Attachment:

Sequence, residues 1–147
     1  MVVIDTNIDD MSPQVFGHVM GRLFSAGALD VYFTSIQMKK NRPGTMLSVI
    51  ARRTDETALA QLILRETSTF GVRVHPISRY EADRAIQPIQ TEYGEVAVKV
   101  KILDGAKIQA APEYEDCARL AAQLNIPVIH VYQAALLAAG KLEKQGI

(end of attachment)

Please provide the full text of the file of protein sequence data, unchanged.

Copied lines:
Sequence, residues 1–147
     1  MVVIDTNIDD MSPQVFGHVM GRLFSAGALD VYFTSIQMKK NRPGTMLSVI
    51  ARRTDETALA QLILRETSTF GVRVHPISRY EADRAIQPIQ TEYGEVAVKV
   101  KILDGAKIQA APEYEDCARL AAQLNIPVIH VYQAALLAAG KLEKQGI